misdemeanor

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Misdemeanor

Offenses lower than felonies and generally those punishable by fine, penalty, Forfeiture, or imprisonment other than in a penitentiary. Under federal law, and most state laws, any offense other than a felony is classified as a misdemeanor. Certain states also have various classes of misdemeanors (e.g., Class A, B, etc.).

misdemeanor

n. a lesser crime punishable by a fine and/or county jail time for up to one year. Misdemeanors are distinguished from felonies which can be punished by a state prison term. They are tried in the lowest local court such as municipal, police or justice courts. Typical misdemeanors include: petty theft, disturbing the peace, simple assault and battery, drunk driving without injury to others, drunkenness in public, various traffic violations, public nuisances, and some crimes which can be charged either as a felony or misdemeanor depending on the circumstances and the discretion of the District Attorney. "High crimes and misdemeanors" referred to in the U. S. Constitution are felonies. (See: felony)

misdemeanor

noun act committed in violation of law, act of lawbreaking, breach of law, crime committed, criminal act, criminal activity, criminal offense, delictum, dereliction, guilty act, illegality, improbity, impropriety, infamous conduct, malfeasance, malversation, misdeed, misdoing, misfeasance, offense, offense against the law, peccadillo, punishable offense, transgression, viooation of law, wicked deed, wrong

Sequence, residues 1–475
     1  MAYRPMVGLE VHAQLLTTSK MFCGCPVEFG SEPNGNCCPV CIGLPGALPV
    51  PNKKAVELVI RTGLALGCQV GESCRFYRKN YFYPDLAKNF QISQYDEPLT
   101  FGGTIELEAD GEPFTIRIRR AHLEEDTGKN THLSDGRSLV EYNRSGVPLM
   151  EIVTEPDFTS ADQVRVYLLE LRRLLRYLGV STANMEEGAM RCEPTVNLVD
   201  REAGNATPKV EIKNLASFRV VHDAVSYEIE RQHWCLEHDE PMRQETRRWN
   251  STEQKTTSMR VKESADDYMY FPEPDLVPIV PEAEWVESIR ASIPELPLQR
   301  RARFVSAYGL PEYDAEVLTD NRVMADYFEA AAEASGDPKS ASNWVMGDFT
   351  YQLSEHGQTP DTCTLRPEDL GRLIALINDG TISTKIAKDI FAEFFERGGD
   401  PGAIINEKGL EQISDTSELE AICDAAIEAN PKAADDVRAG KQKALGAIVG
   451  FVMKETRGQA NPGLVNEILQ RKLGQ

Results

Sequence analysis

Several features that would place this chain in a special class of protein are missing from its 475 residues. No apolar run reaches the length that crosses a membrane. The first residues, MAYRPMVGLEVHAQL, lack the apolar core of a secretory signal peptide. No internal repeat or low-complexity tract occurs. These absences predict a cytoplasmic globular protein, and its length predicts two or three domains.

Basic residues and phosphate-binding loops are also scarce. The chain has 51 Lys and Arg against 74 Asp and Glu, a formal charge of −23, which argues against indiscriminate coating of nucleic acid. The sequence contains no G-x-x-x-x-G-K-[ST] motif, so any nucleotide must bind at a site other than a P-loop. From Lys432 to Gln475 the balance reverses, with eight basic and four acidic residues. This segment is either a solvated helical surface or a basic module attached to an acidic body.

Associated concepts: felony, high crimes and misdemeanors, misdemeanor complaint, petit misdemeanor, violation
See also: crime, delict, guilt, misconduct, misdeed, misdoing, offense

MISDEMEANOR, crim. law. This term is used to express every offence inferior to felony, punishable by indictment, or by particular prescribed proceedings; in its usual acceptation, it is applied to all those crimes and offences for which the law has not provided a particular name; this word is generally used in contradistinction to felony; misdemeanors comprehending all indictable offences, which do not amount to felony, as perjury, battery, libels, conspiracies and public nuisances.
     2. Misdemeanors have sometimes been called misprisions. (q.v.) Burn's Just. tit. Misdemeanor; 4 Bl. Com. 5, n. 2; 2 Bar. & Adolph. 75: 1 Russell, 43; 1 Chitty, Pr. 14; 3 Vern. 347; 2 Hill, S. C. 674; Addis. 21; 3 Pick. 26; 1 Greenl. 226; 2 P. A. Browne, 249; 9 Pick. 1; 1 S. & R. 342; 6 Call. 245; 4 Wend. 229; 2 Stew. & Port. 379. And see 4 Wend. 229, 265; 12 Pick. 496; 3 Mass. 254; 5 Mass. 106. See Offence.

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